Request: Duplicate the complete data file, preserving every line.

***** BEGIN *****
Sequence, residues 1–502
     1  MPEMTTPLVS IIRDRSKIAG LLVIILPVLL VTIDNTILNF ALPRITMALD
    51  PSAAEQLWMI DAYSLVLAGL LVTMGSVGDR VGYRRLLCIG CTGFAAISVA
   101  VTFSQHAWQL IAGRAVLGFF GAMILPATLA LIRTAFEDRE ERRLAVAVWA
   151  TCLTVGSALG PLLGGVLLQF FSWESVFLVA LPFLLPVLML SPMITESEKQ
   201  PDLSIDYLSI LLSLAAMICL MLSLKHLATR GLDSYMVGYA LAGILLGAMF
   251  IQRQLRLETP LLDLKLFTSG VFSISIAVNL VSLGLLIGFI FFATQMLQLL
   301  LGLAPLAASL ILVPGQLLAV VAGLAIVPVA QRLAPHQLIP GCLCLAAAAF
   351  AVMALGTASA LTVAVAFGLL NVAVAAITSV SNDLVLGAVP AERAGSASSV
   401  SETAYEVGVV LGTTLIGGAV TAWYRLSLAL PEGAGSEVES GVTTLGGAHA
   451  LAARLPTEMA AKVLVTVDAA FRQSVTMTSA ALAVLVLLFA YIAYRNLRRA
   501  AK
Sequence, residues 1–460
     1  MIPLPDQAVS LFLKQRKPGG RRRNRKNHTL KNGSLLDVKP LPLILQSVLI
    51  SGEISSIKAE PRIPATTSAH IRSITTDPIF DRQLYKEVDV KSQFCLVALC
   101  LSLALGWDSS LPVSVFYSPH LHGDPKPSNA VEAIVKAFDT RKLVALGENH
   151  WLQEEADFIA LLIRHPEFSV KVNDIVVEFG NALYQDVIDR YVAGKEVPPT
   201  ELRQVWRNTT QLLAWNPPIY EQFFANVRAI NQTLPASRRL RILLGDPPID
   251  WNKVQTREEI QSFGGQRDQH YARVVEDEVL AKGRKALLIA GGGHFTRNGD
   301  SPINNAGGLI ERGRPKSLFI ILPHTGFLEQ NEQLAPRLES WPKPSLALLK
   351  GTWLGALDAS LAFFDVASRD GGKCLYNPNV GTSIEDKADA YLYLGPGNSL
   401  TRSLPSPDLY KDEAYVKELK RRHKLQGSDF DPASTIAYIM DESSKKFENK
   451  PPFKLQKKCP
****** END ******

Sequence, residues 1–502
     1  MPEMTTPLVS IIRDRSKIAG LLVIILPVLL VTIDNTILNF ALPRITMALD
    51  PSAAEQLWMI DAYSLVLAGL LVTMGSVGDR VGYRRLLCIG CTGFAAISVA
   101  VTFSQHAWQL IAGRAVLGFF GAMILPATLA LIRTAFEDRE ERRLAVAVWA
   151  TCLTVGSALG PLLGGVLLQF FSWESVFLVA LPFLLPVLML SPMITESEKQ
   201  PDLSIDYLSI LLSLAAMICL MLSLKHLATR GLDSYMVGYA LAGILLGAMF
   251  IQRQLRLETP LLDLKLFTSG VFSISIAVNL VSLGLLIGFI FFATQMLQLL
   301  LGLAPLAASL ILVPGQLLAV VAGLAIVPVA QRLAPHQLIP GCLCLAAAAF
   351  AVMALGTASA LTVAVAFGLL NVAVAAITSV SNDLVLGAVP AERAGSASSV
   401  SETAYEVGVV LGTTLIGGAV TAWYRLSLAL PEGAGSEVES GVTTLGGAHA
   451  LAARLPTEMA AKVLVTVDAA FRQSVTMTSA ALAVLVLLFA YIAYRNLRRA
   501  AK
Sequence, residues 1–460
     1  MIPLPDQAVS LFLKQRKPGG RRRNRKNHTL KNGSLLDVKP LPLILQSVLI
    51  SGEISSIKAE PRIPATTSAH IRSITTDPIF DRQLYKEVDV KSQFCLVALC
   101  LSLALGWDSS LPVSVFYSPH LHGDPKPSNA VEAIVKAFDT RKLVALGENH
   151  WLQEEADFIA LLIRHPEFSV KVNDIVVEFG NALYQDVIDR YVAGKEVPPT
   201  ELRQVWRNTT QLLAWNPPIY EQFFANVRAI NQTLPASRRL RILLGDPPID
   251  WNKVQTREEI QSFGGQRDQH YARVVEDEVL AKGRKALLIA GGGHFTRNGD
   301  SPINNAGGLI ERGRPKSLFI ILPHTGFLEQ NEQLAPRLES WPKPSLALLK
   351  GTWLGALDAS LAFFDVASRD GGKCLYNPNV GTSIEDKADA YLYLGPGNSL
   401  TRSLPSPDLY KDEAYVKELK RRHKLQGSDF DPASTIAYIM DESSKKFENK
   451  PPFKLQKKCP